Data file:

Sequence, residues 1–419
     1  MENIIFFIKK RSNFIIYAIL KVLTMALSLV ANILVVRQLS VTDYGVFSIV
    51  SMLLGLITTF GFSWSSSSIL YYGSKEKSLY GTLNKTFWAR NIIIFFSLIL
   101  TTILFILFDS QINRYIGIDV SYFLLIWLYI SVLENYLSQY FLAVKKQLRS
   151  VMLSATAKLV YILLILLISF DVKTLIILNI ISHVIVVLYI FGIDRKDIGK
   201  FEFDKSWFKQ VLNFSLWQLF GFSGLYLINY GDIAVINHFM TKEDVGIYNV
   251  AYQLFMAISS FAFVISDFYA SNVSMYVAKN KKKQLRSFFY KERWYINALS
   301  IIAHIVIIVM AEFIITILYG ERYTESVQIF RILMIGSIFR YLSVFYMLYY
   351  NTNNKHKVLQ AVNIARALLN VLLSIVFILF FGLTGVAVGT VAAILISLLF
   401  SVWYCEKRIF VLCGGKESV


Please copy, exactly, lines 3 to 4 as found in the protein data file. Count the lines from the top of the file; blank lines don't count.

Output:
    51  SMLLGLITTF GFSWSSSSIL YYGSKEKSLY GTLNKTFWAR NIIIFFSLIL
   101  TTILFILFDS QINRYIGIDV SYFLLIWLYI SVLENYLSQY FLAVKKQLRS